Child Custody Disputes Involving a Child with Special Needs

A mother and her two small children sit on a bench in the woods

When determining any child custody arrangement, it is always important to assess the needs of the child and what plan will best suit their specific needs. This is particularly true in cases where the children involved have special needs. Our Florida Child Custody Attorneys are well versed in all child custody matters and will discuss with you, your child’s unique diagnosis, their day to day care, and all pertinent issues to their development.

In every case where the court is required to determine a timesharing plan, they must do so by evaluating what the best interest of the child is. Florida Statute 61.13 provides a great deal of factors for the court to consider, but the ones most relevant to a case involving a child with special needs are listed below.

“(b) The anticipated division of parental responsibilities after the litigation, including the extent to which parental responsibilities will be delegated to third parties.

(c) The demonstrated capacity and disposition of each parent to determine, consider, and act upon the needs of the child as opposed to the needs or desires of the parent.

(h) The home, school, and community record of the child.

(j) The demonstrated knowledge, capacity, and disposition of each parent to be informed of the circumstances of the minor child, including, but not limited to, the child’s friends, teachers, medical care providers, daily activities, and favorite things.

(k) The demonstrated capacity and disposition of each parent to provide a consistent routine for the child, such as discipline, and daily schedules for homework, meals, and bedtime.

(o) The particular parenting tasks customarily performed by each parent and the division of parental responsibilities before the institution of litigation and during the pending litigation, including the extent to which parenting responsibilities were undertaken by third parties.

(s) The developmental stages and needs of the child and the demonstrated capacity and disposition of each parent to meet the child’s developmental needs.”

Because a child with special needs, typically does need a significant amount of attention and care it is important to present evidence to the court, the type of care the child needs on a daily basis as well as which parent provides this care. Some parenting tasks for the child are evenly split, however, in many cases it is one parent who performs the heavy lifting, and is responsible for the doctor appointments, school meetings, therapy sessions, or necessary extracurriculars for the child to encourage their development. If this is true in your case, it will be imperative to bring proof of such particular involvement. This will display to the court that you are knowledgeable of your child’s needs, diagnosis, capabilities, schedules, and are able to provide them with the necessary care.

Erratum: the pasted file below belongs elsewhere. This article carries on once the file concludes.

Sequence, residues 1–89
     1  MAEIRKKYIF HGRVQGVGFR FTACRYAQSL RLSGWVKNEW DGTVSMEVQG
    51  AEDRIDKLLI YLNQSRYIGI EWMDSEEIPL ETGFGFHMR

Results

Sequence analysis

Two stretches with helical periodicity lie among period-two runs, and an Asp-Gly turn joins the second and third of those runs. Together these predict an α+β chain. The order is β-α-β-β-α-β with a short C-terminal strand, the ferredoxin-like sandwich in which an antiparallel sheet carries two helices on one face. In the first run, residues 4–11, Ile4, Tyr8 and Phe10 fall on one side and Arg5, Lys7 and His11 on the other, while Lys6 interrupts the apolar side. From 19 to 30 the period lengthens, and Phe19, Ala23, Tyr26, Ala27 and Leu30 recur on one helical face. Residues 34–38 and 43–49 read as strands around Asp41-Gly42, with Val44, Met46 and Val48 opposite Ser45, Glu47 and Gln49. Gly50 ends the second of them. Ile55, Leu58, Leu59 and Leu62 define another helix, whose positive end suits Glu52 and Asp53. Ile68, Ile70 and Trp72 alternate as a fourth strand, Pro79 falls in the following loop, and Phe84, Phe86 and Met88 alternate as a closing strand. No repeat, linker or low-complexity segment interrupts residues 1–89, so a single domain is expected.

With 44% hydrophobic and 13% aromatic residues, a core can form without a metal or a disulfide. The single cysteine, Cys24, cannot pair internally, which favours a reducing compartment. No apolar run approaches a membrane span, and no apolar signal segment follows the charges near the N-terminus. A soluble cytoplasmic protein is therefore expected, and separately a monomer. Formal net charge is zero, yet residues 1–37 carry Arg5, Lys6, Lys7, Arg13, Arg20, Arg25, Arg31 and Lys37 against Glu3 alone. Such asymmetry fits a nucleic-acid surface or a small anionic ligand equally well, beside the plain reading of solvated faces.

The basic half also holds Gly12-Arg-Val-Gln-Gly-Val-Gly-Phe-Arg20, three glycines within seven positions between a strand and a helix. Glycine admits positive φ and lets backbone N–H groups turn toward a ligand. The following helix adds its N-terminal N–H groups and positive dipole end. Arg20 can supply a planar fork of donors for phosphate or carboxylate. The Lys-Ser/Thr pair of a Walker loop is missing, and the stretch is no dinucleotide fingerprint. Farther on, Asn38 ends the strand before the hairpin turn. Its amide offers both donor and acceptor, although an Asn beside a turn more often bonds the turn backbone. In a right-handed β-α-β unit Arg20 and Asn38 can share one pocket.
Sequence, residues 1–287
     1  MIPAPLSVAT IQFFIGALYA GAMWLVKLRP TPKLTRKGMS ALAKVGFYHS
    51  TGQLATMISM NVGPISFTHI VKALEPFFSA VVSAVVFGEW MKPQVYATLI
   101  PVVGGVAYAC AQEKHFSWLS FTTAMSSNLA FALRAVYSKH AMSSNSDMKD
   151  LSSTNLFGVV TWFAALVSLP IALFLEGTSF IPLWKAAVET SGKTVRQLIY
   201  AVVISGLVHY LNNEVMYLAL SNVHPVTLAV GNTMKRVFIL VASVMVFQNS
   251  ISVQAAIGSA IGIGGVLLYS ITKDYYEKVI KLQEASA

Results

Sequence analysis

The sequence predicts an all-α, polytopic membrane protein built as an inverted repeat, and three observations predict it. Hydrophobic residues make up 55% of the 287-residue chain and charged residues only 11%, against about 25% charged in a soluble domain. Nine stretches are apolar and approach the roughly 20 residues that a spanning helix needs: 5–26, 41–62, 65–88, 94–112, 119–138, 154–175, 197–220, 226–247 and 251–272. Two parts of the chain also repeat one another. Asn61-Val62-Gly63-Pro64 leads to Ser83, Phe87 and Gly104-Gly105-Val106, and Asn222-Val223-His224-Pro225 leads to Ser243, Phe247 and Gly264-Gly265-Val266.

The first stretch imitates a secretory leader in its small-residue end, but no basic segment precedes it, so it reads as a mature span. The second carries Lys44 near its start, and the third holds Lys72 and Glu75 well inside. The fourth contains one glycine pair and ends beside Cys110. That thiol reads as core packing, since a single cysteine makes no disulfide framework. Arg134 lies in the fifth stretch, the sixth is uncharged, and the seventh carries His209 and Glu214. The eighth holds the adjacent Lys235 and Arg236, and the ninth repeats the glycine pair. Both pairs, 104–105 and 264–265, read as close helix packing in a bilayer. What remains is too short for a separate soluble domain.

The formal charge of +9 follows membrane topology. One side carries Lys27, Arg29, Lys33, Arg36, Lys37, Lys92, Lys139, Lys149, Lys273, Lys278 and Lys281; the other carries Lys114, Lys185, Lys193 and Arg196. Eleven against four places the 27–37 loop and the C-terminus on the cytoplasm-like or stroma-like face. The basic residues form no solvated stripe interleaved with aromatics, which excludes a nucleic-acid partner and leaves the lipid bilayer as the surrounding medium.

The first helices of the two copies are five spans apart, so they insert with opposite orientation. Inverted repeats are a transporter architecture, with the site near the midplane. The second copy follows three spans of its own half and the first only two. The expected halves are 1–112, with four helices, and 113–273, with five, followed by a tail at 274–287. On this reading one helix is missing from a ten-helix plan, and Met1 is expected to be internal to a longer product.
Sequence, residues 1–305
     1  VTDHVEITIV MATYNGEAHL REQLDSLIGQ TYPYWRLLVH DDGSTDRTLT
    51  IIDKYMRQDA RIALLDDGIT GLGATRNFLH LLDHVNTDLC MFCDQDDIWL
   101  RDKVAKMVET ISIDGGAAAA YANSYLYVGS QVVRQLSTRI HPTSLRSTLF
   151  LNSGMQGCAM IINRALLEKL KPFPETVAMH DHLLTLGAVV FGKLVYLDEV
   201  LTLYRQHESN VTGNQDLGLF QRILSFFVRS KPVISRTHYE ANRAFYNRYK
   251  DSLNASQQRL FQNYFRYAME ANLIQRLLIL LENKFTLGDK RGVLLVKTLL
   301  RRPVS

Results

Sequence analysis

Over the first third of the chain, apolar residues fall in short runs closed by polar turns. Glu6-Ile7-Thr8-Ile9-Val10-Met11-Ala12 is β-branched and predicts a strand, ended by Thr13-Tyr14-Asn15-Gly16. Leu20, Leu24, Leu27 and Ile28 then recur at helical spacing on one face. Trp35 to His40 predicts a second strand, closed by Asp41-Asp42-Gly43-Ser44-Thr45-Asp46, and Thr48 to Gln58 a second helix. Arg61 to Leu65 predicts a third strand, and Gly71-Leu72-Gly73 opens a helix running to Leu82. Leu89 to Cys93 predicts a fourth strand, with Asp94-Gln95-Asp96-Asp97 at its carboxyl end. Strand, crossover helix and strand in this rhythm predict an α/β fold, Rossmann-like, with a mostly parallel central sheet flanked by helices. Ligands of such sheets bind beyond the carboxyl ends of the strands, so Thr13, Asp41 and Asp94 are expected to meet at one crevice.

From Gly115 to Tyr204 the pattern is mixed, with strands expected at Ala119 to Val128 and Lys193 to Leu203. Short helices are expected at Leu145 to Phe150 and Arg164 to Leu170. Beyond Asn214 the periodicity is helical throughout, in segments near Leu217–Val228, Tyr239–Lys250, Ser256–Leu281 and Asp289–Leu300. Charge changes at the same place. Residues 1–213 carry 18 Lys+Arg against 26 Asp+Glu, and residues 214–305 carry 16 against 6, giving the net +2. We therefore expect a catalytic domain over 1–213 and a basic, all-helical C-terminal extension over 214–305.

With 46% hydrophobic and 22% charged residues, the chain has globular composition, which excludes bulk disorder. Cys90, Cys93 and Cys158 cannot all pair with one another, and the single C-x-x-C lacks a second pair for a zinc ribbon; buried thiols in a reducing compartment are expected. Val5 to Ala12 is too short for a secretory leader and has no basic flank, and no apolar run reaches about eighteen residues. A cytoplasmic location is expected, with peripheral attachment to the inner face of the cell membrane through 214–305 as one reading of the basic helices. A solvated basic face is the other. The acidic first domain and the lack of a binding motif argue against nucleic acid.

Further, it will be important to provide the court with an education on your child’s specific diagnosis. The judge will need to be understanding of the particulars of the disability to understand the child’s specific development and needs. Therefore, you may want to have their teachers, doctors, medical aids, or counselors testify before the court to provide a full picture of the child’s unique situation. These individuals will be able to provide the court with the diagnosis for the child, how it impacts them on a daily basis and how it will impact them later on in life. Some may also testify as to the parental involvement necessary for the child as well as which parent has been more present or available.

Finally, after determining a parenting plan, the court will determine a proper child support award. Due to the unique circumstances of the child and their special needs, you may ask the court to order child support beyond the age of majority. The court may make such an award if it is determined that even after the age of 18, the child will still be dependent due to their mental or physical disability. 743.07(2) This is where testimony from your child’s medical doctor will be important as they will be able to properly determine how this disability will affect them later on in life and if they will always be dependent upon their parents for support.

If you are entering a divorce or child custody dispute involving minor children with special needs contact a Florida Child Custody Attorney today. We will be able to not only argue for your rights but for the protection and care of your child.

Speaking to an attorney at our Florida office is free of charge, and we accept calls 24 hours a day, 7 days a week. Contact us at 850-307-5211 or complete an online contact form to get in touch with a member of our team today.

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